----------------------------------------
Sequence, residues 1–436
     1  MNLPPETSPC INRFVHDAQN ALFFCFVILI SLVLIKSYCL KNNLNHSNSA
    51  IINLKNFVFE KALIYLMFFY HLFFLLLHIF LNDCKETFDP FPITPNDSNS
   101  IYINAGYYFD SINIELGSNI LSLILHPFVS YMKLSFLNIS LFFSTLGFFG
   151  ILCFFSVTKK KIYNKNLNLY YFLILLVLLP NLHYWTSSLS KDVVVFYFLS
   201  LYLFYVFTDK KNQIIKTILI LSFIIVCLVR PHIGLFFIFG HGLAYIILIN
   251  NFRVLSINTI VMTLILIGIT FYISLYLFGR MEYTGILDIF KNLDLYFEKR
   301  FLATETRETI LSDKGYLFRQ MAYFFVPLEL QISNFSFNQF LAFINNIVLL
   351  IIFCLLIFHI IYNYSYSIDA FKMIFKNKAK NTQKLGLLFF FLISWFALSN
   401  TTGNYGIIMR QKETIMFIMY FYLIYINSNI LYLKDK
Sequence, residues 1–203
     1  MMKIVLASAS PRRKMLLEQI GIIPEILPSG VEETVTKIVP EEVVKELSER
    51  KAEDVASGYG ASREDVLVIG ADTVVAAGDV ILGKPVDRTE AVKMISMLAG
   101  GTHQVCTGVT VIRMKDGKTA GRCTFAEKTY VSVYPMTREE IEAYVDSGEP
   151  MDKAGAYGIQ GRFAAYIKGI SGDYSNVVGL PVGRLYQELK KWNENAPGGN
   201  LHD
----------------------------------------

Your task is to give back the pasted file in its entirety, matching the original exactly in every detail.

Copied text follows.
Sequence, residues 1–436
     1  MNLPPETSPC INRFVHDAQN ALFFCFVILI SLVLIKSYCL KNNLNHSNSA
    51  IINLKNFVFE KALIYLMFFY HLFFLLLHIF LNDCKETFDP FPITPNDSNS
   101  IYINAGYYFD SINIELGSNI LSLILHPFVS YMKLSFLNIS LFFSTLGFFG
   151  ILCFFSVTKK KIYNKNLNLY YFLILLVLLP NLHYWTSSLS KDVVVFYFLS
   201  LYLFYVFTDK KNQIIKTILI LSFIIVCLVR PHIGLFFIFG HGLAYIILIN
   251  NFRVLSINTI VMTLILIGIT FYISLYLFGR MEYTGILDIF KNLDLYFEKR
   301  FLATETRETI LSDKGYLFRQ MAYFFVPLEL QISNFSFNQF LAFINNIVLL
   351  IIFCLLIFHI IYNYSYSIDA FKMIFKNKAK NTQKLGLLFF FLISWFALSN
   401  TTGNYGIIMR QKETIMFIMY FYLIYINSNI LYLKDK
Sequence, residues 1–203
     1  MMKIVLASAS PRRKMLLEQI GIIPEILPSG VEETVTKIVP EEVVKELSER
    51  KAEDVASGYG ASREDVLVIG ADTVVAAGDV ILGKPVDRTE AVKMISMLAG
   101  GTHQVCTGVT VIRMKDGKTA GRCTFAEKTY VSVYPMTREE IEAYVDSGEP
   151  MDKAGAYGIQ GRFAAYIKGI SGDYSNVVGL PVGRLYQELK KWNENAPGGN
   201  LHD